Opioid epidemic, rural health spurring wider adoption of telehealth, panel says

In just the past few years, telehealth has gained some momentum, in part spurred by the opioid epidemic and an aging rural population.

Medicare, in particular, has loosened some of its requirements around telehealth reimbursement starting in 2017, said Mei W. Kwong, executive director for the Center for Connected Health Policy and National Telehealth Policy Resource Center, which tracks state and federal telehealth legislation.

“In the past year and a half there has been some movement,” Kwong said at Health Journalism 2019, during the panel “Is telemedicine finally catching up to the hype?”

Medicare began allowing providers in more regions of the country to get paid for telehealth services for stroke treatment and end stage renal disease recently, Kwong said. And in November 2018, Medicare began allowing providers to conduct quick check ins with established patients via telephone or video for a small reimbursement payment of $14. Medicare also reimbursed for provider to provider consultations over video or phone, using services such as eConsult.

The University of Maryland is working with rural providers in the state in a telehealth program to expand capacity to prescribe buprenorphine, a medication used to treat opioid dependency with harm reduction. Physicians must receive special training to prescribe buprenorphine and there is a shortage of providers available to do so, especially in rural communities.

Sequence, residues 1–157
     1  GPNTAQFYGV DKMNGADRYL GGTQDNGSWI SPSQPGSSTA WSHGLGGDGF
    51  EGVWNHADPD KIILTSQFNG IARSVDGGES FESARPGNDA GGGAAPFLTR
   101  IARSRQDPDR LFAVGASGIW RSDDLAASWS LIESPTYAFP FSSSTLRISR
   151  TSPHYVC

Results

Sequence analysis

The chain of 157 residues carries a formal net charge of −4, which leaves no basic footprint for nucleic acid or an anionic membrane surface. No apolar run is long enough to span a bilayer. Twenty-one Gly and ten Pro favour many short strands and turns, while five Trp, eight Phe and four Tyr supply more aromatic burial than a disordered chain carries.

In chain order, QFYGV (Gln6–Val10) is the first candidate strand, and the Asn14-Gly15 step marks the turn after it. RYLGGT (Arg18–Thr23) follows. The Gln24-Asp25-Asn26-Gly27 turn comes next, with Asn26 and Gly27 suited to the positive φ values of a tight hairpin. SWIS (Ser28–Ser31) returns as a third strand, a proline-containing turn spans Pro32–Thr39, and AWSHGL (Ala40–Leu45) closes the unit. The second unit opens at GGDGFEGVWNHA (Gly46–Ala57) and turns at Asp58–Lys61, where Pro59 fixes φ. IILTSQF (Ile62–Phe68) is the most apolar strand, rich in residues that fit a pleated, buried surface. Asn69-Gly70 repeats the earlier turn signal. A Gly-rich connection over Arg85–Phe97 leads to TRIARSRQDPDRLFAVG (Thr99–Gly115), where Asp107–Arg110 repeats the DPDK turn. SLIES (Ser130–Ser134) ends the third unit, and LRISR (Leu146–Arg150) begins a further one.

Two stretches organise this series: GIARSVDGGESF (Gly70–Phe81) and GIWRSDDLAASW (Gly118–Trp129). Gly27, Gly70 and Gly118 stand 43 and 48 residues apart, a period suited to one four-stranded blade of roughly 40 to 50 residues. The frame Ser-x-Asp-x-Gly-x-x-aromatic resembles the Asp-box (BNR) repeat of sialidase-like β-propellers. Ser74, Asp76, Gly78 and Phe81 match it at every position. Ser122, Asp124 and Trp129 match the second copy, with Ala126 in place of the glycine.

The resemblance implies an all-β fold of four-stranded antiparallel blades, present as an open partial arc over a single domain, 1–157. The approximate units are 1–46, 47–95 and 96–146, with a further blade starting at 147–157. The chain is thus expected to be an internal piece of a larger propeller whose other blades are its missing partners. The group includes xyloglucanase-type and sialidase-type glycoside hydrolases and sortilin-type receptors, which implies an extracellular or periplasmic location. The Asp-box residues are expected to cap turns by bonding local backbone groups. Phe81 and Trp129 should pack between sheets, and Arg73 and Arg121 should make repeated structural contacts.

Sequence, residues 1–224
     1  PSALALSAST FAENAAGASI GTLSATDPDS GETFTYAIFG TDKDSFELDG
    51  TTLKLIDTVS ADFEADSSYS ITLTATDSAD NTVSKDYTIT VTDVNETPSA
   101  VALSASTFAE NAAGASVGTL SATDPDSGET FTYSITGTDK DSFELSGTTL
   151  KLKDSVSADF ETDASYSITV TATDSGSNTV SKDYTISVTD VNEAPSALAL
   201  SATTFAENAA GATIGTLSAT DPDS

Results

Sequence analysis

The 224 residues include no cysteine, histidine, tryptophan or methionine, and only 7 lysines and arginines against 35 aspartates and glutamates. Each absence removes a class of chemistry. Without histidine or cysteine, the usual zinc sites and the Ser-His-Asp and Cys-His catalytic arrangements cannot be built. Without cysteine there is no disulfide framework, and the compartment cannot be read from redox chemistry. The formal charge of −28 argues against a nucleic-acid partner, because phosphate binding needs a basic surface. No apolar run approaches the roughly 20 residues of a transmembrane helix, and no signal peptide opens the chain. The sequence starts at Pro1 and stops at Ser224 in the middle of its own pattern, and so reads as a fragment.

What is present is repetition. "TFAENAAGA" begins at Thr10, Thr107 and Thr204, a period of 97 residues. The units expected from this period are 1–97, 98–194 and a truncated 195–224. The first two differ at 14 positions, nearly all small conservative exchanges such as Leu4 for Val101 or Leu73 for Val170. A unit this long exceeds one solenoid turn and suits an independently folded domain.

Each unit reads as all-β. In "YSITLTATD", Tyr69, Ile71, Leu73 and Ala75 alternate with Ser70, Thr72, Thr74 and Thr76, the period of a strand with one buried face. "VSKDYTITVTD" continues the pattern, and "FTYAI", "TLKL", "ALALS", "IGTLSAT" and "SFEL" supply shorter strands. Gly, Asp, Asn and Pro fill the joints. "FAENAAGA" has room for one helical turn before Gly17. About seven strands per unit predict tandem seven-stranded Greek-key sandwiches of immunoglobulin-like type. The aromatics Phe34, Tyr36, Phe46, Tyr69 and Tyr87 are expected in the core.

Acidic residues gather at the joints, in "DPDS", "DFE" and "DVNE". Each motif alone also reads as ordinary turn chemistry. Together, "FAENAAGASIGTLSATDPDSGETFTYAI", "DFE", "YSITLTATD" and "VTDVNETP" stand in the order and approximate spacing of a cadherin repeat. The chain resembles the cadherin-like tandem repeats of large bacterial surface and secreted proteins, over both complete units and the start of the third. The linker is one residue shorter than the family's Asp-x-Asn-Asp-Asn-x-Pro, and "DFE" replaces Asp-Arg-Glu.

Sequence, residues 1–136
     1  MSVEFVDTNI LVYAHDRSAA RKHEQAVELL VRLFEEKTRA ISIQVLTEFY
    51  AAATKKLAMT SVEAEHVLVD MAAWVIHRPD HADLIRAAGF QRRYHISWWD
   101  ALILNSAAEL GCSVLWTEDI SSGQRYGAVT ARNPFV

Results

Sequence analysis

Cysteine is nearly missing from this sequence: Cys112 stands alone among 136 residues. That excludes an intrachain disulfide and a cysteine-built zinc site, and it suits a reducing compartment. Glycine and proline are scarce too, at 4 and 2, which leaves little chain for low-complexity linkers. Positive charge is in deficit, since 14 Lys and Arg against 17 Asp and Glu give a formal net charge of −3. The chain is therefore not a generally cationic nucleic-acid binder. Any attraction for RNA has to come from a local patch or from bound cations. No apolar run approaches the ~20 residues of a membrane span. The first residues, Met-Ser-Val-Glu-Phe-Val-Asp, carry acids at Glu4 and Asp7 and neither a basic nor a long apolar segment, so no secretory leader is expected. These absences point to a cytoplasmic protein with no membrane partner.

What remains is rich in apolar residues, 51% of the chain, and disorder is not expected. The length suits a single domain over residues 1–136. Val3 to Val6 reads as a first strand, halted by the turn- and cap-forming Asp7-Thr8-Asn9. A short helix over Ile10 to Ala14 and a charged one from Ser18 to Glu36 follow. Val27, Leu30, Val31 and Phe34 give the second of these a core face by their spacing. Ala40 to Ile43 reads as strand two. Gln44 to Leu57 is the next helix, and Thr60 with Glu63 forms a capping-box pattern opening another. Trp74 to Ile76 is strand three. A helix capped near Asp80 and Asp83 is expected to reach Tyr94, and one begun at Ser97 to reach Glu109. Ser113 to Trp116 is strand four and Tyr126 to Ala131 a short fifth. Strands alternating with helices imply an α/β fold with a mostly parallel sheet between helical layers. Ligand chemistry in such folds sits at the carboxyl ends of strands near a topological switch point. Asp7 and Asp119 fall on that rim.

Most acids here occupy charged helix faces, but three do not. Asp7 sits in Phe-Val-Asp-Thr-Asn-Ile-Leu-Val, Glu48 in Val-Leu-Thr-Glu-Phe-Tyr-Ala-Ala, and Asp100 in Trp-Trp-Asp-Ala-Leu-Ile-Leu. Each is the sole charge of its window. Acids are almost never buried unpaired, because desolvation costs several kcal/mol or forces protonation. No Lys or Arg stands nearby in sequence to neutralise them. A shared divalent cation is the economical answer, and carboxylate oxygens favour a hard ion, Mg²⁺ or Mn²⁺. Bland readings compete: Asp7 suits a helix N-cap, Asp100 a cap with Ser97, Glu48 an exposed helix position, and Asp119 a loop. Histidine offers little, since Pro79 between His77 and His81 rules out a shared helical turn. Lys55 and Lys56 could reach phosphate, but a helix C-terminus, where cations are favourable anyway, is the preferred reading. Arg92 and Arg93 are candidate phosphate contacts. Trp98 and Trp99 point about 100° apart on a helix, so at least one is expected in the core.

Aaron D. Greenblatt, M.D., medical director at the University of Maryland Drug Treatment Center, is conducting telehealth buprenorphine prescribing and maintenance with patients in Frederick County, Md. He and his team have also set up a mobile RV to conduct telehealth in Caroline County, Md., and has so far treated 144 patients through this mobile service, he said.

Thomas E. Skorup, vice president of applied solution at the ECRI Institute, said he expects to see continued convergence between telehealth, remote patient monitoring and mobile health.  Skorup cited a recent small study of patients with heart failure and COPD that has shown success in reducing hospital visits and improving quality of life.

Reporters interested in covering telehealth should think about the convergence of technologies and how they are working together to serve patients better, panelists said.

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